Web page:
In minutes, Katie was ready to ride, despite having just gone through what must have been a very trying experience. 20 miles to the next controle. We remounted and cherished the long awaited tailwind. 

River Road runs along side the Delaware River. After the recent rains, the Delaware River reclaimed its namesake. After a long downhill descent, we discovered that the road was under water. My capable companions were also adaptable to changing conditions. After a detour through almost hub deep water, we rode to Frenchtown on the crushed red stone trail that runs parallel to the road.

My mind linked the unrelated events of the overflowing river and the devastation in Japan. As I have gotten older, something in me has changed. I sometimes feel as if I am running out of mental compartments to store those things that need to be kept at a distance. Holding my newborn children, standing at the bedside as my father passed away. Hearing the last words of a wonderful graceful woman, the mother of my wife, before she left this mortal coil, seeing the inconsolable grief of a dear friend whose daughter was brutally murdered. My experience with grief, loss, life, death - unexpected, violent, natural and peaceful- joy and sadness, make the reality of others' loss more real, more personal, at times too close. A Tsunami hit Japan. Thousands have lost fathers, mothers, sisters, brothers, lives, towns, everything. For thousands in Japan, the world just came to an end in an event of biblical proportions. Today, here, it is warm, verging on Spring. I am riding my bicycle and searching for a way to cross a swollen river. My eyes brim with tears that test the limit of my lids. My throat tightens, speechless. It is still a beautiful day.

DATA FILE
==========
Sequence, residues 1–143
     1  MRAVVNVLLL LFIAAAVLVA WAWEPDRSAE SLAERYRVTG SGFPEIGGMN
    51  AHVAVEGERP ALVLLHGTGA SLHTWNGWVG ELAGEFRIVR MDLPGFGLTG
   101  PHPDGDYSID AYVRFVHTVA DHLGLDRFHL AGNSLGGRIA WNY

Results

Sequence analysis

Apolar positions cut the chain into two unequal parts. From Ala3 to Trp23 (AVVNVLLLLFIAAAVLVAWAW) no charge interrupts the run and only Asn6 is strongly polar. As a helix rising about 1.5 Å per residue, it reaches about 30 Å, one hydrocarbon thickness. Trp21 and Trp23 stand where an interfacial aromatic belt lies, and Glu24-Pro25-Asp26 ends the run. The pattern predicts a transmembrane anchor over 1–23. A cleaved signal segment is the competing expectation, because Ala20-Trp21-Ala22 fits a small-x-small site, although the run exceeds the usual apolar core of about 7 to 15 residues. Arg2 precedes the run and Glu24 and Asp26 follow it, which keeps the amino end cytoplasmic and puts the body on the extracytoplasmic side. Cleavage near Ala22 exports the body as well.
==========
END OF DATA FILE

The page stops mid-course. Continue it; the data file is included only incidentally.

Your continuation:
Crossing back into New Jersey meant a few more climbs. I welcome them. I climb them without anger or fear or dismay. My legs respond. You do not defeat a mountain. You face it and climb it  and live through it with grace, humility and acceptance. My throat loosens. My thoughts wander. I live. I breathe. I ride.

After darkness falls, we make out way back to the start. The final miles pass under a star filled blue black sky and half-moon. We completed the ride with time to spare. I text a message to Facebook: R12: Done. Within minutes, my phone signaled the messages of congratulations - some from friends I have known for years, some  from friends I have known for months and others from friends I met just once.


When I arrived home, my son told me about the potential nuclear power plant disaster in Japan. This tale is far from over.


  1. Much earned and a well deserved accomplishment Nigel. Now onto "bigger and better" or should that read "onto longer and much longer" chellenges.



  2. Fantastic writing; I feel your spirit!